How will Brexit affect the IT industry in London?

The UK’s IT industry was overwhelmingly in favour of remaining in the EU. However, despite the tech sector being so vocal in its support for staying in the European Union – and despite all the widespread concerns – the signs are that much of the doom and gloom that existed around predictions about how Brexit might affect the IT industry may yet prove to be unfounded.

Initially, in wake of the referendum result, the industry could even said to be thriving in terms of expansion and investment. So, almost 18 months on, is the picture of how Brexit will affect the IT industry any clearer?

Can London still be the next Silicon Valley?

Although East London’s Silicon Roundabout is far from being as iconic and important as Silicon Valley, it is at least a symbol for the UK tech and IT industry. Prior to Brexit, London was one of several major European cities vying to become the European equivalent of Silicon Valley – but the likes of Paris, Lisbon and Berlin all have the credentials to rival London.

Many wondered and worried if the ‘Leave’ vote essentially meant that London would be passing the baton to one of its continental rivals. The evidence of the last year suggests that London needn’t have worried. Giant names, Amazon and Apple, have both announced major UK investment, as have the likes of Facebook, Google and Microsoft.

Another thing that could help the UK and London in particular is the fact that large companies like Apple, Facebook and Google have all fallen foul of the European Commission recently. Generally, the UK has remained obliging and attractive as a place to invest.
Of course, London needs to remain mindful that everything does not just revolve around IT. The wider picture is all about services in general. The reason a city becomes a global magnet is its ability to offer a wealth of all the specialist skills that a large business might need to call on, from bankers to lawyers to accountants and IT people. A city that suddenly becomes unwelcoming to immigrants will lose much of its multiracial appeal – it will also lose a multitude of skills from all over the world.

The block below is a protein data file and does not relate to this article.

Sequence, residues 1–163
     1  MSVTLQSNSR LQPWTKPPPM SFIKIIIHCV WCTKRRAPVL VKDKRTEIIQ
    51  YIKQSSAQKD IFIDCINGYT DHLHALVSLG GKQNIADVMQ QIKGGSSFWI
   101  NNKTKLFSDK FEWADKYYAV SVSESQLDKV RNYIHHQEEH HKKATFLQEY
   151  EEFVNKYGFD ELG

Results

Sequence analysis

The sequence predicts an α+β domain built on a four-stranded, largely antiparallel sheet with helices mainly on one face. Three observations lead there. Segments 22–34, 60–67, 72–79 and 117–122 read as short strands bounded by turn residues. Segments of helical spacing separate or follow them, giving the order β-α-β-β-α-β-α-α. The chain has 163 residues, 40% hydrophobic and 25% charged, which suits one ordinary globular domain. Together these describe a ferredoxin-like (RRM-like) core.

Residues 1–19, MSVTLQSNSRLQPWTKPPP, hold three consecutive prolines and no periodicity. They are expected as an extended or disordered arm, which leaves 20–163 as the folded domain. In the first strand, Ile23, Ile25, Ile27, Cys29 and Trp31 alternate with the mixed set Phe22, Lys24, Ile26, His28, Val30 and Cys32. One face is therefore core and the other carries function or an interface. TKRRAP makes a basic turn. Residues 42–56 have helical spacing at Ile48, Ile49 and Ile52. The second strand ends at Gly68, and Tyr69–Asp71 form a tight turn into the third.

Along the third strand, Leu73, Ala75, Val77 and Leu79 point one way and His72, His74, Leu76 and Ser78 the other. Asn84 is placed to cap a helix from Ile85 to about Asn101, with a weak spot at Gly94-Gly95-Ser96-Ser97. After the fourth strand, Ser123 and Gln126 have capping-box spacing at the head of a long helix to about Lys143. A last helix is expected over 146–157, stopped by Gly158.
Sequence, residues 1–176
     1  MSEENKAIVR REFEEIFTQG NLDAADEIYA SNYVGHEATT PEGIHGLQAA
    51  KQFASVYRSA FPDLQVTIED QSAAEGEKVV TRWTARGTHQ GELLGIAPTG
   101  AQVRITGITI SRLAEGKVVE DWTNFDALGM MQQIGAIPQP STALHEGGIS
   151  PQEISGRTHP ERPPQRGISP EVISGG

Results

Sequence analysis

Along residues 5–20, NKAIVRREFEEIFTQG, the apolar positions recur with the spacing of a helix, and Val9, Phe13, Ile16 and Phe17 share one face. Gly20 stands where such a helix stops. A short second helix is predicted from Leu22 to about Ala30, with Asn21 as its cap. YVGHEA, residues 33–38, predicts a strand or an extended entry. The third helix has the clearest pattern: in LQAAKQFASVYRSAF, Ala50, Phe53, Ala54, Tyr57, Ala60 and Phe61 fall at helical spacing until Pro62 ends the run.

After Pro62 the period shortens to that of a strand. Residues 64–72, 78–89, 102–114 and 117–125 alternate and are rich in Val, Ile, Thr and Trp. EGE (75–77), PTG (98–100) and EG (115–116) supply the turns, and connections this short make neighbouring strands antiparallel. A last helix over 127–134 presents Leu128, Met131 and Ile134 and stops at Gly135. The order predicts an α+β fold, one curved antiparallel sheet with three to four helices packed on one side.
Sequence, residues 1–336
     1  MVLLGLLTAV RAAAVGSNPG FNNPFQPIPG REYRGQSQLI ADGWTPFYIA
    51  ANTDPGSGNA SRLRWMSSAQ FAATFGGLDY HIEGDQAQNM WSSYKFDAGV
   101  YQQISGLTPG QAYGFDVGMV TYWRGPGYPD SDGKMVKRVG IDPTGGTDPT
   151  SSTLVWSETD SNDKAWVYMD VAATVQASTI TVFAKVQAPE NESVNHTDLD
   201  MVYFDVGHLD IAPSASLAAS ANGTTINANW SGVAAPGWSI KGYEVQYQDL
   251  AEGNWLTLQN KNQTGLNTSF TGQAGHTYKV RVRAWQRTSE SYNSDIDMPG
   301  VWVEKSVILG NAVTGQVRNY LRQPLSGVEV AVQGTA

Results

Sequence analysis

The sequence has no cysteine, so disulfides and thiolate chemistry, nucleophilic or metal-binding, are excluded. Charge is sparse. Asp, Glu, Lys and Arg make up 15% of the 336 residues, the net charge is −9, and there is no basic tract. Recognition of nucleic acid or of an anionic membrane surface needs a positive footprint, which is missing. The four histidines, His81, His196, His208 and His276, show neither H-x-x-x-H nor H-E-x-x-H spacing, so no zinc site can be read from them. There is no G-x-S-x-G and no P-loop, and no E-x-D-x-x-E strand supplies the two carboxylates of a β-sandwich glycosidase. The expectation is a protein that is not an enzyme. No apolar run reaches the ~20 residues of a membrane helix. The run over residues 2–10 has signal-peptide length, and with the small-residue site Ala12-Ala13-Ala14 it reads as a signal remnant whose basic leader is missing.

The way that London is perceived from the outside will be extremely important over the coming years.

The talent shortage threat

Another threat post-Brexit to the IT industry in London is the tech talent shortage. The sector has been reliant on sourcing foreign talent from the EU and other territories around the world. Fears that this would become increasingly difficult for companies to do following Brexit abound – but again the early evidence suggests otherwise. The number of tech visas granted by the Home Office in 2016 actually rose by 20%.

Other challenges lie ahead for the IT industry in London. Not only does the city need to remain attractive to companies, investment needs to pick up after a slowdown in 2016. Ultimately, however, excellent ideas are likely to remain to be the key driver of investment – so if solid ideas continue, Brexit in itself should not really affect the future.

Regulation could create barriers for the UK sector too. The EU’s Digital Single Market initiative aims to allow free movement of people and capital in the tech environment. If the UK industry were to lose access to this, the ability for UK companies to work seamlessly across the continent would be lost too.

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